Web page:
Friendships Without Borders
How my school’s partnership with a German university gave me more than a study abroad experience
My study abroad trip to Leipzig, Germany in 2013 wouldn’t have been possible without an international partnership that was 20 years in the making.
In the early 1990s, after the reunification of Germany, many academic departments at the University of Leipzig were in a tough spot – including the journalism department. Because Leipzig is located in what used to be East Germany, many of the professors had taught from a communist perspective and were forced out after reunification.
When the E.W. Scripps School of Journalism at Ohio University heard that the University of Leipzig was down to a bare-bones journalism staff, they decided to step in and help rebuild the program. A group of faculty headed to Leipzig to spend some time teaching in the journalism department and training new staff members. It was the beginning of a partnership between OU’s “J-school” and the University of Leipzig that now has continued for more than two decades. Every year since then, groups of students and faculty from both schools have gone back and forth on study abroad and exchange programs to continue the tradition.
I heard about the opportunity to study abroad in Leipzig on the first day of my first year at OU. I was taking the introductory class that was required for all freshman journalism majors and immediately began taking notes when the professor told us about this opportunity. A few months later, I was going to information sessions, filling out my application, and interviewing with the program directors. At the beginning of second semester, I saw the congratulatory email pop up on my phone right as I walked into Spanish class and almost shouted with joy.
I’m so happy that I had the opportunity to be a part of such a strong international partnership and continue the tradition of collaboration between these two great universities. Another really cool effect of this study abroad experience is being able to connect more with the University of Leipzig students who periodically come to spend some time here at OU.
A few weeks ago, the Scripps program welcomed the first group from Leipzig of the school year. I had the chance to meet them when they joined us at our weekly PRSSA meeting that Monday. We’d already been told that they were coming, so I purposely wore my Leipzig soccer team shirt that I got while I was there in order to start a conversation. Sure enough, it worked! One of the girls in the Leipzig group immediately noticed my shirt as we were talking after the meeting, and from there we had a really interesting conversation about my experiences in Leipzig and her experiences in Athens.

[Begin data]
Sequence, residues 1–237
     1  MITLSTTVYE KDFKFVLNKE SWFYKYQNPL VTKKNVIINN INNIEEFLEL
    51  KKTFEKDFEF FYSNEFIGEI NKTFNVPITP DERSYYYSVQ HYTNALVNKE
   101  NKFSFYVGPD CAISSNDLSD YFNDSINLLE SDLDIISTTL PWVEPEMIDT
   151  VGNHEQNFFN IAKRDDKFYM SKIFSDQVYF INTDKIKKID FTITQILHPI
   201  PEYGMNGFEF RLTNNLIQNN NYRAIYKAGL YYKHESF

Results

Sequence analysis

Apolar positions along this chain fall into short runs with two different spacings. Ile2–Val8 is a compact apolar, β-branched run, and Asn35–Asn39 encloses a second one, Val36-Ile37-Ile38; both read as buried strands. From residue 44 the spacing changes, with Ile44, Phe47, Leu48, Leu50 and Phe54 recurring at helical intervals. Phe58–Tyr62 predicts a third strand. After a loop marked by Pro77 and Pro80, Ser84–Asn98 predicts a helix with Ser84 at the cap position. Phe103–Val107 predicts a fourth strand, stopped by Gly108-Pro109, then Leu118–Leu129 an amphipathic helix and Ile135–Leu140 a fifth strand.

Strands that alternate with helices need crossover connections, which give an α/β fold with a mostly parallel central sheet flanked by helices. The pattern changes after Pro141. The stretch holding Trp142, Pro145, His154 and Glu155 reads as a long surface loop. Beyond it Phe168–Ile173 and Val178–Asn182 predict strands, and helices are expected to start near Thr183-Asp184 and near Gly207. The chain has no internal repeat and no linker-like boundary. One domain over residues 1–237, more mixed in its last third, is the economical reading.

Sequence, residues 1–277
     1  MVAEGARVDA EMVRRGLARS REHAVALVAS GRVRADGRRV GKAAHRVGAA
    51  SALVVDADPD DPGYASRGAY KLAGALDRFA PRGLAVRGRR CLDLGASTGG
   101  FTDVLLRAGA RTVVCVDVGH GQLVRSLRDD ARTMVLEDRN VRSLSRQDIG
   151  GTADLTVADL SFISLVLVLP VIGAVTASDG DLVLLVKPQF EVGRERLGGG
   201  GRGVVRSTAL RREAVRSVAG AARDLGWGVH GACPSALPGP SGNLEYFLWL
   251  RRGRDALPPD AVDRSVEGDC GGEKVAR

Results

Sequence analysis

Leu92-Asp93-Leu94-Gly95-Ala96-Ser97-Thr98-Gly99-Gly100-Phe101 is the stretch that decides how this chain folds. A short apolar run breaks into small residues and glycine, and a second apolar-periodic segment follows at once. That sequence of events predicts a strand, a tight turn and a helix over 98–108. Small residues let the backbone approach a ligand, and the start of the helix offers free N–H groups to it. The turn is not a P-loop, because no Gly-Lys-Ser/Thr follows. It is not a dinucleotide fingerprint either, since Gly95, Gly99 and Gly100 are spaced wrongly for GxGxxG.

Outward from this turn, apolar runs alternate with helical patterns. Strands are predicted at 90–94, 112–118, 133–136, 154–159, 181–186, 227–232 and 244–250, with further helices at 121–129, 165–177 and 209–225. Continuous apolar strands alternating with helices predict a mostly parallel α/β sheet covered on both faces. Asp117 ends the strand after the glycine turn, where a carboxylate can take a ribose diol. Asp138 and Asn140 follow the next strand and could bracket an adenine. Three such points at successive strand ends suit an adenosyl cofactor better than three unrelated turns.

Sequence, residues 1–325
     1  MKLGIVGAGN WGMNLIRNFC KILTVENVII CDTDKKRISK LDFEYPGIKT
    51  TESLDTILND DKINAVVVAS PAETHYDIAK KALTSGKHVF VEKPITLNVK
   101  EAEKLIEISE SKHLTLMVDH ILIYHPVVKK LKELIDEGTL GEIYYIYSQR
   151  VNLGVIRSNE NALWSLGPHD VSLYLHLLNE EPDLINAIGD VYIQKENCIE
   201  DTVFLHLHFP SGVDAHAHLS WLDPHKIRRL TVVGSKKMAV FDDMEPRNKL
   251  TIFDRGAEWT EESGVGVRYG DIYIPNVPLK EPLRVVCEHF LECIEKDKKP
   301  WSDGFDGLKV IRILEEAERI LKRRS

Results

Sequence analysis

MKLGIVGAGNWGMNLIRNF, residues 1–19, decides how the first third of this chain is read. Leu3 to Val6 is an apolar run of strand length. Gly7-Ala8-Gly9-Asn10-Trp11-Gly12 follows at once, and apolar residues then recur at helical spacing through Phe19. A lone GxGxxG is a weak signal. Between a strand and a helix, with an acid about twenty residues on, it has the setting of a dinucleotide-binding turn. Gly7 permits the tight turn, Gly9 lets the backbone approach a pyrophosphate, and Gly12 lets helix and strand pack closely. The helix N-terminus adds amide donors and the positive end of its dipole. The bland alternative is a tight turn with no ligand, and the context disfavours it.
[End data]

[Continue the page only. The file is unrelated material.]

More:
Hanging out with the group from Leipzig that night at and after the PRSSA meeting was really interesting because it reminded me of a lot of little German cultural things I’d forgotten about. Two or three of their professors had come overseas with them and were sitting in the back at the meeting. Even before they were introduced, I knew who they were – not because I’d met them before (I hadn’t), but because of how formally they were dressed. In Germany, it’s fairly common for scholarly types such as professors to dress up in academic settings. These guys were wearing suits and ties – I think a lot of us felt underdressed in comparison!
After the meeting, we took our new friends out to dinner at a popular restaurant in uptown Athens. When the German students asked us for recommendations, we Americans all started raving about the burgers and pizza and fried pickles. What did every single one of them get? A soup and salad.
At that point, I remembered one of the most interesting cultural facts I’d forgotten about since my time overseas. Here in the U.S., most people consider dinner to be the “big” meal of the day. In Germany and other European countries such as France, the main meal of the day is traditionally lunch. Although this is changing a bit, it’s still not uncommon for Germans to fill up with a hearty meal during lunch and have what is essentially a glorified snack for dinner. (I’ve heard that this is healthier, because it’s better not to make your body digest a large amount of food before bed, but I’m not an expert.)
In addition to those little cultural differences I recalled, I had a wonderful time getting to know the group from Leipzig during the week they were here. In today’s increasingly connected world, international relationships are more important than ever. The partnership between OU and Uni Leipzig has enabled me to continue making friends from my host city even more than a year after I returned from studying abroad there. I can’t wait to see what new opportunities for international friendship come my way during my last year here at OU.